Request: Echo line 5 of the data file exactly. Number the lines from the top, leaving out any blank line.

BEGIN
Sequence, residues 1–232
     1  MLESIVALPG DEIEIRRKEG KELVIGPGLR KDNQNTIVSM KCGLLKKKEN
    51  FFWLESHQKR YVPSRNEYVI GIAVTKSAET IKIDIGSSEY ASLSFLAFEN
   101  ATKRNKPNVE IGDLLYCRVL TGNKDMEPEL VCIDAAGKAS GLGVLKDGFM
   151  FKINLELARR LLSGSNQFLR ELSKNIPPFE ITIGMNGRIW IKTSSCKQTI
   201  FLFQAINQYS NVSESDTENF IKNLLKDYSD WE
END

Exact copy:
   151  FKINLELARR LLSGSNQFLR ELSKNIPPFE ITIGMNGRIW IKTSSCKQTI